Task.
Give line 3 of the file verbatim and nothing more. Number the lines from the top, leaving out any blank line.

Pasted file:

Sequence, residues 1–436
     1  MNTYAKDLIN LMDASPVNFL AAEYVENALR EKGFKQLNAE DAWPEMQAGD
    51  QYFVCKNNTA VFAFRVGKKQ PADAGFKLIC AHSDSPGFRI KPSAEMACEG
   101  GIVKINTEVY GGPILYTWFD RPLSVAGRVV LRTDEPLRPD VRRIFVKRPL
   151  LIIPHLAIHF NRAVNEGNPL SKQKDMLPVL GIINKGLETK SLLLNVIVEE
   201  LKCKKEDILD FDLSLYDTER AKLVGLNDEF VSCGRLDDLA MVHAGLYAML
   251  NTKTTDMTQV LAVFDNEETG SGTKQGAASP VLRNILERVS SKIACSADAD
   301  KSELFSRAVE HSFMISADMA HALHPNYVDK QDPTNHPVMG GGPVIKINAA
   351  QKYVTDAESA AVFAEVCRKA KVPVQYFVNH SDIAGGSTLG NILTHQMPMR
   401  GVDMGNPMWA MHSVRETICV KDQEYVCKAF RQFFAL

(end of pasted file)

    51  QYFVCKNNTA VFAFRVGKKQ PADAGFKLIC AHSDSPGFRI KPSAEMACEG